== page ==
Tension was running high in the Zimbabwean capital of Harare late Sunday, one day after presidential, general and local elections, as the opposition said it had delivered a resounding defeat to President Robert Mugabe and his ruling ZANU-PF party but the Zimbabwe Electoral Commission failed to bring forth official results.
Earlier in the day the government and the elections commission warned the opposition Movement for Democratic Change formation led by Morgan Tsvangirai, a presidential candidate, against releasing unofficial results. Party officials responded that they had the right to circulate figures posted at local polling stations and at higher levels.
Tsvangirai formation spokesman Nelson Chamisa told reporter Blessing Zulu of VOA's Studio 7 for Zimbabwe that the MDC release of data had been perfectly legal.
Preliminary results suggested that Tsvangirai's MDC formation made deep inroads in parts of the country traditionally dominated by Mr. Mugabe's ruling party, unseating a number of ZANU-PF ministers in house of assembly races. The Tsvangirai grouping also bested the rival MDC formation led by Arthur Mutambara, which had thrown its political weight behind independent presidential candidate Simba Makoni.
Early projections from qualified sources gave Tsvangirai better than 50% of the vote in the presidential race, trailed by Mr. Mugabe with 36% and Makoni under 10%.
There were unconfirmed reports that the Zimbabwe Electoral Commission was under intense pressure from military authorities to declare Mr. Mugabe the winner.
Earlier, delay in the release of official results led Secretary General Tendai Biti of the Tsvangirai MDC grouping to refer to a "constitutional threat" to the outcome. Biti had been categorical as to the opposition's sweeping victory, "barring a miracle."
Correspondent Sylvia Manika of VOA's Studio 7 for Zimbabwe reported on the MDC news conferences held at 1 a.m. Sunday and later in the morning.
Little was forthcoming throughout Sunday from the government. Information Minister Sikhanyiso Ndlovu urged the population to be patient and to remain calm.
Presidential spokesman George Charamba told the state-controlled Sunday Mail newspaper that if Tsvangirai declared himself the winner before official results were released, that would be tantamount to a coup.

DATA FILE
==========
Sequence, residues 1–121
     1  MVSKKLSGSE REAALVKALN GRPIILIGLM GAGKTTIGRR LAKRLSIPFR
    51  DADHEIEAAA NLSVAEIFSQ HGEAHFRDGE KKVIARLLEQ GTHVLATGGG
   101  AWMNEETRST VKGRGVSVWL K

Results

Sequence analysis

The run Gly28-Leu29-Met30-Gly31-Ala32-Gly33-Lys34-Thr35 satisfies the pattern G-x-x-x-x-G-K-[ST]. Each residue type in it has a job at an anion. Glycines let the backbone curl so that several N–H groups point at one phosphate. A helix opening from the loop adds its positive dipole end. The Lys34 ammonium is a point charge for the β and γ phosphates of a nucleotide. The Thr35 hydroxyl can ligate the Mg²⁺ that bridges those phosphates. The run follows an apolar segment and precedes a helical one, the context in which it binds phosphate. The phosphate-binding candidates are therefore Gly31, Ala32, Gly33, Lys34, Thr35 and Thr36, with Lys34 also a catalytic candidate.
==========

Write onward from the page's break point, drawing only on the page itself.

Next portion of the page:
The U.S. embassy released a statement warning American citizens in Zimbabwe that a "volatile situation" was developing in the wake of the elections "with the possibility of violence across Zimbabwe" through Sunday night into Monday. It advised American citizens to "move to a safe location until the Embassy provides further information."
U.S. Secretary of State Condoleezza Rice, in the Mideast, said Mr. Mugabe was a “disgrace” to his people and Africa, voicing concern on whether the elections could be determined to have been free and fair given the scarcity of international observers.
Late Sunday all eyes were on the election command center in the Harare International Conference Center where journalists and others waited for ZEC to release results.
Correspondent Thomas Chiripasi reported on what ZEC was telling the country.
The Zimbabwe Election Support Network, a civic organization that deployed 11,000 election observers across the country, said electoral commission delays in releasing the results were causing confusion and concern. Though preliminary results had been posted outside polling stations nationwide, ZESN officials said electoral authorities were telling them that they were encountering unspecified logistical problems.
Correspondent Sylvia Manika covered a ZESN news conference late Sunday at which the non-governmental organization demanded that ZEC release election results.
ZESN Chairman Noel Kututwa told reporter Carole Gombakomba that ZEC's delay in releasing the results was unusual as figures had emerged faster in other elections.
The Crisis in Zimbabwe Coalition, another non-governmental organization, criticized the electoral commission for withholding the results, saying this could cause alarm.
Crisis Coalition spokesman MacDonald Lewanika told reporter Patience Rusere that efforts to obtain clarification from the electoral commission had been fruitless.
A polling agent from Zvimba, Mashonaland West, expressed surprise and concern at the delay in releasing results. This official, who identified himself only as Richard, told Marvellous Mhlanga-Nyahuye that his station had finalized results very early.
Residents of Bulawayo, Zimbabwe's second-largest city, spent Sunday with their ears glued to radios and televisions, anxiously awaiting official election results, as correspondent Netsai Mlilo reported from the City of Kings.
In Mutare, on the other side of the country near the border with Mozambique, police dispersed a crowd of MDC supporters that had assembled to celebrate the victories of their house candidates, as Studio 7 correspondent Loirdham Moyo reported.
More reports from VOA's Studio 7 for Zimbabwe...